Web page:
Shared peer advice from polio survivors about what works for them.

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Joint Deformities

Brian Tiburzi

Modern biomechanical and gait analyses identify excessive demands being placed on the joints and muscles. Overly strained muscles, tendons, and ligaments wear out. The proper therapeutic approach is to correct any deformities and to reduce excessive strain with appropriate orthoses (bracing), assistive devices (canes, crutches, etc.), changes in lifestyle, or selective reconstructive surgery. Joint deformities are most common in the …


Brian Tiburzi

DON’T LIFT THAT LOAD! I live alone and can’t always wait for my daughter to come over and move things for me. Or I get home from marketing and some of the foods have to make a quick trip to the freezer or refrigerator. As my mobility kept getting worse I turned more and more to using carrying aids. Among …

An Overview of Energy Conservation

Brian Tiburzi

Any person who has a disability uses more energy than a nondisabled person to perform basic activities of daily living (ADL), because tasks are often performed using movement patterns that are not meant to be used. The process of using relatively nondisabled body parts to compensate for muscles that are weak or paralyzed saps energy. If a polio survivor attempts …

Polio’s Effects

Brian Tiburzi

GENERAL INFORMATION LETTER FOR POLIO SURVIVORS Why are “old polios” who were stable for years now losing function? What should they do about it? Jacquelin Perry, MD, DSc (Hon), Rancho Los Amigos National Rehabilitation Center, Downey, California The basic problem is that polio destroyed some of the nerve cells that activate the muscles. To the extent possible, the neurological system …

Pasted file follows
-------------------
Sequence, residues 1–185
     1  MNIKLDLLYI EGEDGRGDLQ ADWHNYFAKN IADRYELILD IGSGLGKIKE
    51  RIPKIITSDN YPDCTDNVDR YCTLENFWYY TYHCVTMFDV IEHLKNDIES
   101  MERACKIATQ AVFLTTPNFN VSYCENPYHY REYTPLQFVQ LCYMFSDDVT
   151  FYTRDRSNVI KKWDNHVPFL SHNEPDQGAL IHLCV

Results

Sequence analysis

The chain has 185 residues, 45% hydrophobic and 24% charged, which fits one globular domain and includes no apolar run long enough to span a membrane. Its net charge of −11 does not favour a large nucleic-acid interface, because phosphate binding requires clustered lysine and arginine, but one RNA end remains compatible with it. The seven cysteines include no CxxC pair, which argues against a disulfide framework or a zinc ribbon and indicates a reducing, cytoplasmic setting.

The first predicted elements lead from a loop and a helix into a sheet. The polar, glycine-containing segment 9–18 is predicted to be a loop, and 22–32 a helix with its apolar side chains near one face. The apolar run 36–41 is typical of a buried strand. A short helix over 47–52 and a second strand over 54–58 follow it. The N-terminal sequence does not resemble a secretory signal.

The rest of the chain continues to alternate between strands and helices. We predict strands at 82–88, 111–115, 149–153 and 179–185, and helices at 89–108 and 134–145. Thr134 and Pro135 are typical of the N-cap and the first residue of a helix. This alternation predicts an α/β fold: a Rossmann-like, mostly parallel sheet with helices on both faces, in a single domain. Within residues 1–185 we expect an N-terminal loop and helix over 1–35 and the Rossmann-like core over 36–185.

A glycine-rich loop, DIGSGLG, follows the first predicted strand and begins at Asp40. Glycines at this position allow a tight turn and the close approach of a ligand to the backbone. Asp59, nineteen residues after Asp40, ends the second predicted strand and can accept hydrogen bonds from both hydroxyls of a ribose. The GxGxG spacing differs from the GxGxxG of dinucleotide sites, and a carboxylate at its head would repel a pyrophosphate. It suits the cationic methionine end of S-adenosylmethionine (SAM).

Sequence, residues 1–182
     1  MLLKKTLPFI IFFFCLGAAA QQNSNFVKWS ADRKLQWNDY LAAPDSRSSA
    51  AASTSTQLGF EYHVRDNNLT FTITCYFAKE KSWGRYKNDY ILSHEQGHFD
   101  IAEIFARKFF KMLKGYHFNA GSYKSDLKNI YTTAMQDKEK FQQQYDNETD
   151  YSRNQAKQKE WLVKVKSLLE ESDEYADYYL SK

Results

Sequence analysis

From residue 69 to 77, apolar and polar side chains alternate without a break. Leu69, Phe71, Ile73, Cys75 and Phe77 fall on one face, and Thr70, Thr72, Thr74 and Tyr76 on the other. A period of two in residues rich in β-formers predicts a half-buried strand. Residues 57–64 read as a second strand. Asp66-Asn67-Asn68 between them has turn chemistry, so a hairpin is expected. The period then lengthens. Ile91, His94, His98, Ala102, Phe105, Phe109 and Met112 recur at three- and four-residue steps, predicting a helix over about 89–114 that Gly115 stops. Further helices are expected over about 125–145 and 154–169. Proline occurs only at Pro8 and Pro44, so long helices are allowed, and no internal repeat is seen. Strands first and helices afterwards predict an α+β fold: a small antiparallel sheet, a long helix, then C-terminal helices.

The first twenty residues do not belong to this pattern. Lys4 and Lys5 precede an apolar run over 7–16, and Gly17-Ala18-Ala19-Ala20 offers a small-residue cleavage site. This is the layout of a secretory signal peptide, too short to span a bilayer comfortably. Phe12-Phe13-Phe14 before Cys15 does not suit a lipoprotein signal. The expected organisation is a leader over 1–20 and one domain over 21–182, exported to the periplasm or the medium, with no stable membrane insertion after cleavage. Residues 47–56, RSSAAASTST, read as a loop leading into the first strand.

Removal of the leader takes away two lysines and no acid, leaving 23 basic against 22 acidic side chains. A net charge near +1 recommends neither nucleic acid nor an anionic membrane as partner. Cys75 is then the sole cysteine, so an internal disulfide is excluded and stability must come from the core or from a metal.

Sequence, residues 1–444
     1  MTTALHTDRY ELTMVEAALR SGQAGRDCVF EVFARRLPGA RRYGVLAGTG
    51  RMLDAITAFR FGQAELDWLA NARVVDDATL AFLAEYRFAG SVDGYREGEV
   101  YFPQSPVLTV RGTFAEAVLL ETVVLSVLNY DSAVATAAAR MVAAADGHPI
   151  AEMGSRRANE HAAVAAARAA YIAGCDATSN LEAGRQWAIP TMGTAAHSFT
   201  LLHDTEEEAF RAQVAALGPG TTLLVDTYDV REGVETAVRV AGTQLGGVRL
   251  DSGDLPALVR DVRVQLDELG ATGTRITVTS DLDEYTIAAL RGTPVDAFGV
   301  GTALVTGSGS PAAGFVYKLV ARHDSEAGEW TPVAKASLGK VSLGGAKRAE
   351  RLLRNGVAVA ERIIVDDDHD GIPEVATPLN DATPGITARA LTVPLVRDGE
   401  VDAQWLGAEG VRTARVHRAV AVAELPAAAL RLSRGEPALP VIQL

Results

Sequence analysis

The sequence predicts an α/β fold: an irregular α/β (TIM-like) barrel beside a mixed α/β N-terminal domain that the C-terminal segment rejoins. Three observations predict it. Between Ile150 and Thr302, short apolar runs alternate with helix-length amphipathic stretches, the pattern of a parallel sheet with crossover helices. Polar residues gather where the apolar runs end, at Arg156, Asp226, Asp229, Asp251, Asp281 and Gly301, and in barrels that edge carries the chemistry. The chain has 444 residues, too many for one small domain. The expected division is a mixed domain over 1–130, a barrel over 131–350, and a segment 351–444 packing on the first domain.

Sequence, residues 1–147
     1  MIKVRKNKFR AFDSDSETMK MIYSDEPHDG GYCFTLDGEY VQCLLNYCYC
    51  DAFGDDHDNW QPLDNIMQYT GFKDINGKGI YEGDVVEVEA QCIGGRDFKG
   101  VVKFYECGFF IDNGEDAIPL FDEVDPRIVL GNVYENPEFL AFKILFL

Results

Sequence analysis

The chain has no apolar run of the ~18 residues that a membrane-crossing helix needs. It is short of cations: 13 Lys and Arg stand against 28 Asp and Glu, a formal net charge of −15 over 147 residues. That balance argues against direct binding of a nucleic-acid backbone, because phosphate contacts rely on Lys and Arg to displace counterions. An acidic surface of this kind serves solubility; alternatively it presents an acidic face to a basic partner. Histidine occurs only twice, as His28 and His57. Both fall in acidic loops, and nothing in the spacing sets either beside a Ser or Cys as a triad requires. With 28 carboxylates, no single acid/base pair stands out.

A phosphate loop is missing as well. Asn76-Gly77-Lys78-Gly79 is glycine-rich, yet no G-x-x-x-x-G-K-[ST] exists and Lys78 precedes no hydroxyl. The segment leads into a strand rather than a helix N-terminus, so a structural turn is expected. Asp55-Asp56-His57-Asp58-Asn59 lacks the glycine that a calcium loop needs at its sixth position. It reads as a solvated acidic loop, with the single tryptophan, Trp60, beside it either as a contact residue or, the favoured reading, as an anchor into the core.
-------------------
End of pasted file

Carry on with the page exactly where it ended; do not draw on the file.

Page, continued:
Pain and Using Wheelchair

Brian Tiburzi

Post-Polio Health, Volume 28, Number 1, Winter 2012 Ask Dr. Maynard Frederick M. Maynard, MD“Ask Dr. Maynard,” Post-Polio Health, Volume 28, Number 1, Winter 2012 Question: I have been having a LOT of pain through my butt into my lower back. I looked up muscle groups and think I see what is causing the problem. I sit at my desk nine or so hours …

Regain Strength and Muscle Mass through Exercise

Brian Tiburzi

Post-Polio Health, Volume 26, Number 4, Fall 2010 Ask Dr. Maynard Frederick M. Maynard, MD Question: I read with great interest the question and answer about knees collapsing in Vol. 26, No. 2 ( I had polio at age 1. I’m told that I made a full recovery and that our local doctor used me as an example of a “miraculous” …

Paraplegics and Diabetes

Brian Tiburzi

Post-Polio Health, Volume 27, Number 3, Summer 2011 Ask Dr. Maynard Frederick M. Maynard, MD Question: My physiatrist says that paraplegics have a lot more diabetes, so I started wondering how post-polio and spinal cord injury compare with regard to the disease. Answer: You are right that people with chronic spinal cord injury paralysis do develop glucose metabolism abnormalities and diabetes (by criteria) …

Restless Legs and Polio; Muscles Tears and Polio

Brian Tiburzi

Post-Polio Health, Volume 31, Number 4, Fall 2015 Question: I had what was termed a “mild” case of polio in 1951 at age 7. Other than a barely noticeable curvature of the spine and temporary weakness in the neck, I had no ill effects and was back in full action within a couple months. I played sports throughout high school and …

A Question about Bracing

Brian Tiburzi

Question: What type of brace would you recommend for a post-polio patient with poor strength in the thigh muscles? We are in New Hampshire, USA. Answer: As for your patient, I am going to break down my remarks into two sections, depending on some of the characteristics of your patient. Since your email said your patient had muscle weakness in the thigh, …